Access to Care

Health insurance markets are highly concentrated, new report reveals

Andis Robeznieks , Senior News Writer

Consolidation has caused a lack of competition among commercial health plans that tends to lead to higher premiums for consumers and lower payment for physician services.

The 16th edition of the AMA annual report, “Competition in Health Insurance: A Comprehensive Study of U.S. Markets,” examined market concentration in all 50 states, the District of Columbia and 389 metropolitan statistical areas (MSAs) and found that in 43 percent of MSAs one insurer had at least a 50 percent share of the market.

“We find that the majority of U.S. commercial health insurance markets are highly concentrated,” the report concludes. “Our findings should prompt federal and state antitrust authorities to vigorously examine the competitive effects of proposed mergers between health insurers.”

The 2017 edition of the report presents 2016 data on commercial enrollment in fully and self-insured health maintenance organizations (HMO), preferred provider organizations (PPO), point-of-service (POS) plans, consumer-driven health plans (CDHP) and public health exchanges (EXCH). The report, available for purchase at the AMA Store, is one facet of the AMA’s efforts to promote competition in health insurance markets. Learn more about the AMA’s research in this area.

The AMA report recalls how the U.S. Department of Justice (DOJ) and multiple state attorneys general moved to block Anthem’s attempt to acquire Cigna and Aetna’s proposed acquisition of Humana in 2015. Both mergers were eventually abandoned.

“After years of largely unchallenged consolidation in the health insurance industry, a few recent attempts to consolidate have received closer scrutiny than in the past,” the report notes.

“Previous versions of the AMA study played a key role in efforts to block the proposed mega-mergers by helping federal and state antitrust regulators identify markets where those mergers would cause anti-competitive harm,” AMA President David O. Barbe, MD, MHA, said.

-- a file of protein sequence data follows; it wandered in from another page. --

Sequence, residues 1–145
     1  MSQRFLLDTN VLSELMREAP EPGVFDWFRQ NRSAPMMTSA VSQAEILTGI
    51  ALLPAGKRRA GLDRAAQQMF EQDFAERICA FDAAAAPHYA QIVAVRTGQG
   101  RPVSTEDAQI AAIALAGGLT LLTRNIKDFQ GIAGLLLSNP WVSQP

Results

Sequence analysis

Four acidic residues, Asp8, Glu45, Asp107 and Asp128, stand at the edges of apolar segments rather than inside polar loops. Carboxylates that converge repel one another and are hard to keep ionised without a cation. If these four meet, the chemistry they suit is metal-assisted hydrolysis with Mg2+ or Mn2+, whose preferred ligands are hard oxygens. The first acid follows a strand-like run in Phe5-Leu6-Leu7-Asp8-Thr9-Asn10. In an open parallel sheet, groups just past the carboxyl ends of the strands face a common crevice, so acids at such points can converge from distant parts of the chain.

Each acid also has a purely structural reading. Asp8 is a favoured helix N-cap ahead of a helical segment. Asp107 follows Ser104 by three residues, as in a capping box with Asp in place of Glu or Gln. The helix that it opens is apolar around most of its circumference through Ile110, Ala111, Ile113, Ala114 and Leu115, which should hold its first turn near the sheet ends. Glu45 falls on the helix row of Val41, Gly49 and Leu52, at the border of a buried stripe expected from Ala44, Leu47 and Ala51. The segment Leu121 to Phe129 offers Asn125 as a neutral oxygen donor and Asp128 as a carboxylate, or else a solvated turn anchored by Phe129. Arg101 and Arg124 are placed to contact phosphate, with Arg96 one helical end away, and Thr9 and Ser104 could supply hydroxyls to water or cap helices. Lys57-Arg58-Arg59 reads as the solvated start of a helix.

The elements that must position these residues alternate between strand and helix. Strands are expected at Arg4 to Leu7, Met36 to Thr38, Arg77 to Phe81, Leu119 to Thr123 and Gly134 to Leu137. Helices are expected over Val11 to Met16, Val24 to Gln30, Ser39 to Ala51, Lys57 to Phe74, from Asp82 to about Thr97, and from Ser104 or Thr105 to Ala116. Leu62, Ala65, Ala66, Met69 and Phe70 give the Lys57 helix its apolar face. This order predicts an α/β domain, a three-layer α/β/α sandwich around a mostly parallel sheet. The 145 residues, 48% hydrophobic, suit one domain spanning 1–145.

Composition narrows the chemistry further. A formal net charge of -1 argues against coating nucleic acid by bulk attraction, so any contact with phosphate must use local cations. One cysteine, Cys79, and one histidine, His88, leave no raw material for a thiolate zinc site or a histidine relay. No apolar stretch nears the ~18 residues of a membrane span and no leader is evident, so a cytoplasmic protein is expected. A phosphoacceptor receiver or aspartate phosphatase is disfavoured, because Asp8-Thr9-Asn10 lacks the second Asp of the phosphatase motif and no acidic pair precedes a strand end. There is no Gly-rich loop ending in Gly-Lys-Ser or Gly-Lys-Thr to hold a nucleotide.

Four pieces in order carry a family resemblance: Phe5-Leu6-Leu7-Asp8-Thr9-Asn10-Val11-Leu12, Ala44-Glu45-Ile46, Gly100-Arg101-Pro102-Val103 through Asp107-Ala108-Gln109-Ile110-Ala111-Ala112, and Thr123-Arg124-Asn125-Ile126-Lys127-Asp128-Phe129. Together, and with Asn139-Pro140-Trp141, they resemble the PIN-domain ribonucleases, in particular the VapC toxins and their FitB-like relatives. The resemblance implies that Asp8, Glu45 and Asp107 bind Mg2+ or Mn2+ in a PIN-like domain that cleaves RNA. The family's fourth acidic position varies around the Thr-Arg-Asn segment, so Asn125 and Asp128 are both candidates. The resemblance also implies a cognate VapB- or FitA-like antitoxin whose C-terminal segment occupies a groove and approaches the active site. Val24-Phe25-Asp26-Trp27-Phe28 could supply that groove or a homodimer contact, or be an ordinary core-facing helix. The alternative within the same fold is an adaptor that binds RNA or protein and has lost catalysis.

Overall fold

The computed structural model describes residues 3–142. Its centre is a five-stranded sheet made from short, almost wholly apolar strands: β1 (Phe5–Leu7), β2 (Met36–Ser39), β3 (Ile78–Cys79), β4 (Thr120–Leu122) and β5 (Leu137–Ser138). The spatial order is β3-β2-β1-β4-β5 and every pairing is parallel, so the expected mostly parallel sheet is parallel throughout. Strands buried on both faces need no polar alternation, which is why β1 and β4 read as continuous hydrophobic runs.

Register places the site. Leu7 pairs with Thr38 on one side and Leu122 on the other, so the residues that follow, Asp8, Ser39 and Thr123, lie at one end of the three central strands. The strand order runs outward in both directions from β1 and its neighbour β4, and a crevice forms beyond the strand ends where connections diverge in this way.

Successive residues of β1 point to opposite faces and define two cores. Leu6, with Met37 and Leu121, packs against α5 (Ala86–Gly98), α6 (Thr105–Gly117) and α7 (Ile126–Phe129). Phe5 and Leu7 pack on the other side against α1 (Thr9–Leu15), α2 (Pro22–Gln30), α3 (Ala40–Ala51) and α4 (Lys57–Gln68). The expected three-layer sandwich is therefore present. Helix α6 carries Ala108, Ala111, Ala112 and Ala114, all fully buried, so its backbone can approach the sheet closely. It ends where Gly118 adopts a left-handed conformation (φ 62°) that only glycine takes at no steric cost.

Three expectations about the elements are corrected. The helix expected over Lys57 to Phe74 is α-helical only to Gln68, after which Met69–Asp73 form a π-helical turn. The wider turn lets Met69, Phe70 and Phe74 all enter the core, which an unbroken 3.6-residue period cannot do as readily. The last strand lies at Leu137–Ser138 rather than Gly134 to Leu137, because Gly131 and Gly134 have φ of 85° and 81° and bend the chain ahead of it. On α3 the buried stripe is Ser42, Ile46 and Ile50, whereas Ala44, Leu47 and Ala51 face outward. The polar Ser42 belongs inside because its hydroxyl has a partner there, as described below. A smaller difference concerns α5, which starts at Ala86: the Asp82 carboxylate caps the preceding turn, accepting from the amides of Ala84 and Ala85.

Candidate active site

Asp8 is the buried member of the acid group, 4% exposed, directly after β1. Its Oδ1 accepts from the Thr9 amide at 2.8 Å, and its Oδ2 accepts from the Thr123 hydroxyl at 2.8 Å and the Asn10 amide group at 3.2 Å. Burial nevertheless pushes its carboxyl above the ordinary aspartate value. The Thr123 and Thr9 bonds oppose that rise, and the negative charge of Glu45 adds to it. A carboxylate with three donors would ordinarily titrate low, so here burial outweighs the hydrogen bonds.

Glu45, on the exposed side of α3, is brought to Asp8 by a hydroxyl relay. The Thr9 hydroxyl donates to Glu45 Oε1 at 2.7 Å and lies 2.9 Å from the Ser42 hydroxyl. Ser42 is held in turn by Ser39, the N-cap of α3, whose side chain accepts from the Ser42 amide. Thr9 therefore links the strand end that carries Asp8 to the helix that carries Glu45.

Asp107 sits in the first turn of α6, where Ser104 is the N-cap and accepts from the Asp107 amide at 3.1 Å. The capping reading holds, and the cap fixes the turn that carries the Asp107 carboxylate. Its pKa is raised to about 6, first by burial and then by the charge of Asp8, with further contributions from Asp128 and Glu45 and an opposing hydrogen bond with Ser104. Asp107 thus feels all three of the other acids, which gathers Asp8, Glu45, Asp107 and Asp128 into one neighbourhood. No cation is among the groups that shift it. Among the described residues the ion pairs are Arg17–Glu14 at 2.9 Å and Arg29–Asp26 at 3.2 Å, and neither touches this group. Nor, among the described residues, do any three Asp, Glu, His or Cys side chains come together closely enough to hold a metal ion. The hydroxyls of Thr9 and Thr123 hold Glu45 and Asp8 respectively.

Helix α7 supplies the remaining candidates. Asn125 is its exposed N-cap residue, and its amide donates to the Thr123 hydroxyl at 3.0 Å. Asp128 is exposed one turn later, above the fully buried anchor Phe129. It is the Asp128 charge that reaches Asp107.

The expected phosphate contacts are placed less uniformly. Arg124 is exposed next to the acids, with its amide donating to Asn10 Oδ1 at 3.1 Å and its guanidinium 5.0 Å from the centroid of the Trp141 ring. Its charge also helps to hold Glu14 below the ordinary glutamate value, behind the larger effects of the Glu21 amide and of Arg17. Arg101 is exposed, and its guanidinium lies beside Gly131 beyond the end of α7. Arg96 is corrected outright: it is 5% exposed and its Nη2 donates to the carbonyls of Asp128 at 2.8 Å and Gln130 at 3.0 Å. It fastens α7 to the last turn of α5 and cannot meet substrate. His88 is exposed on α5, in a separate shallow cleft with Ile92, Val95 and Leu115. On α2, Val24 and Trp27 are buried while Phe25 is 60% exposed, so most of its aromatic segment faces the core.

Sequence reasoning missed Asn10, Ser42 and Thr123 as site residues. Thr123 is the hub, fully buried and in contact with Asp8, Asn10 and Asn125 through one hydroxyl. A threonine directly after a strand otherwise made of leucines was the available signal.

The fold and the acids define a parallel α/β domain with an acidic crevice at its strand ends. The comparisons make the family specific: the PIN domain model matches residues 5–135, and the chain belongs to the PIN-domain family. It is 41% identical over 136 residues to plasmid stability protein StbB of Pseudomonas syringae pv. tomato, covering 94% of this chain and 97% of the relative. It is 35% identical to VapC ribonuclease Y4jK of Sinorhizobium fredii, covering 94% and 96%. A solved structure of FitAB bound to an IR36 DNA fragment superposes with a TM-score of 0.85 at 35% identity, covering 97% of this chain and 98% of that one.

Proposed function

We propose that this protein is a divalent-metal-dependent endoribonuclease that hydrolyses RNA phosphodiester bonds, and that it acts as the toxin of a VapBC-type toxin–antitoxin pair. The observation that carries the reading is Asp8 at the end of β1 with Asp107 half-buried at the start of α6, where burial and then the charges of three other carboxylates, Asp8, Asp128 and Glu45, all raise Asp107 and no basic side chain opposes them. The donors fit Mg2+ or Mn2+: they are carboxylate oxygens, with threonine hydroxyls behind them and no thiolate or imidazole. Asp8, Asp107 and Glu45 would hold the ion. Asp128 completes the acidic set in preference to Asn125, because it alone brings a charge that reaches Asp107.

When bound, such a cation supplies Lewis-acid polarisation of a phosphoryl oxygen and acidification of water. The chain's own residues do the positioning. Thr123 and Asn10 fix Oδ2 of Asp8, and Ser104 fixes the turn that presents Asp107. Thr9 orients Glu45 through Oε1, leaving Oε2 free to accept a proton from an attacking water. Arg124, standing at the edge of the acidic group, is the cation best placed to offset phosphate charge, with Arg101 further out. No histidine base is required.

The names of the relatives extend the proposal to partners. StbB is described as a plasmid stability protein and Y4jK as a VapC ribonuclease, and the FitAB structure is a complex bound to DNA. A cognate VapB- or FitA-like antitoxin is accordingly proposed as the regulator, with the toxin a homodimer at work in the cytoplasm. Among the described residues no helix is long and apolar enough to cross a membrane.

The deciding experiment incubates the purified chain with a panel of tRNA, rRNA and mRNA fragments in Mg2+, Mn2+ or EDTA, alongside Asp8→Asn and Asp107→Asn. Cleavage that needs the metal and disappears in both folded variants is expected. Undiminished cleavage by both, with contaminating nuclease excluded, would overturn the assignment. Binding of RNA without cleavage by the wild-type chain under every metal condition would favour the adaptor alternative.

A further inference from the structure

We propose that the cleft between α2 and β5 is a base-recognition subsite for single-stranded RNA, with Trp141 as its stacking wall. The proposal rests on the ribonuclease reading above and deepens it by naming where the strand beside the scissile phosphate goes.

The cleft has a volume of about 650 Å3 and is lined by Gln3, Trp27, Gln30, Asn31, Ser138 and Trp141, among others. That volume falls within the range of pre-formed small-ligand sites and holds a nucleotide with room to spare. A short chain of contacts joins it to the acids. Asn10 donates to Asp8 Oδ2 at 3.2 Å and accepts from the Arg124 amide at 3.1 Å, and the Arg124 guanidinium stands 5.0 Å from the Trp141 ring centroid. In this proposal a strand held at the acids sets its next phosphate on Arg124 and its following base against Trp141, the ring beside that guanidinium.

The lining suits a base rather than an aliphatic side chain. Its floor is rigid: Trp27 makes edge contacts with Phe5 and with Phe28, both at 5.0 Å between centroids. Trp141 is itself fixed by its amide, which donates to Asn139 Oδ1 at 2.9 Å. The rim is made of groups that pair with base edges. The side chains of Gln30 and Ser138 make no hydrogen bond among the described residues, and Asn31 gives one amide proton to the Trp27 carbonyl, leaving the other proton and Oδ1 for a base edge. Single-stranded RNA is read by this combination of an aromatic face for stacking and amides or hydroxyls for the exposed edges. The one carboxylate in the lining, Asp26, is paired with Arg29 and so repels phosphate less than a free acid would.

But, despite this new scrutiny, much of the nation’s health insurance landscape remains highly concentrated.

According to the report:

  • 69 percent of the combined HMO-PPO-POS-EXCH markets are highly concentrated.
  • 94 percent of HMO markets are highly concentrated
  • 86 percent of PPO markets are highly concentrated.
  • 100 percent of POS markets are highly concentrated.

To measure market concentration, the researchers used the Herfindahl-Hirschman Index (HHI), a measure used by the DOJ and Federal Trade Commission (FTC) as an indicator of market competition. The HHI is the sum of the squared market shares of all firms in a market. (So, if a market has four companies and each has a 25 percent market share, the HHI would be 2,500 or 252 + 252 + 252 + 252.) Smaller numbers indicate greater competition. An HHI of 10,000 indicates a monopoly.

The DOJ and FTC consider a market with an HHI above 2,500 to be “highly concentrated,” a market with an HHI between 1,500 and 2,500 is “moderately concentrated,” and a market with an HHI below 1,500 is considered “unconcentrated.”

Related Coverage

New analyses support blocking pending insurance mergers

For the combined HMO-PPO-POS-EXCH market, 43 percent of MSAs had one insurer with a market share of 50 percent or greater.

For HMOs alone, 73 percent of MSAs had one insurer with a market share of 50 percent or greater. In 34 percent of MSAs, one insurer had an HMO market share of 70 percent or greater.

In the PPO market, 58 percent of the MSAs had one insurer with a market share of 50 percent or greater. In 25 percent of the MSAs, one insurer had a market share of 70 percent or greater.

In addition to consolidation, the ability to exercise market power is exacerbated by barriers that make it difficult for new companies to enter a market. These include state regulatory requirements, the cost of developing physician networks, and developing enough business to spread risk.

“If entry were easy, neither high market shares nor high concentration levels would necessarily translate into higher premiums because potential entry would force insurers to keep premiums in check,” the report states. “However, barriers to entry allow insurers with market power to charge premiums above competitive levels for an extended period of time.”

Overall, the commercial health insurance markets became more concentrated in 27 states.

Alabama is the state with the least competitive health insurance market. One insurer, Blue Cross Blue Shield of Alabama, had an 83 percent market share in 2016. Delaware follows on the list, with one insurer, Highmark, with a 68 percent market share in the state. They are followed in the top 10 by Hawaii, South Carolina, Louisiana, Michigan, Kentucky, Vermont, Alaska and Illinois.

Anthem has the biggest geographic footprint, and was the largest health insurer by market share in 82 of 389 metropolitan areas examined. Health Care Service Corp. was second with a market share lead in 42 metropolitan areas, followed by UnitedHealth Group with a market share lead in 26 metropolitan areas.

Data from the report were obtained from the Decisions Resources Group. The report was prepared by the AMA Division of Economic and Health Policy Research and led by José R. Guardado, PhD, senior economist, Economic and Health Policy Research, and Carol K. Kane, PhD, director, Economic and Health Policy Research.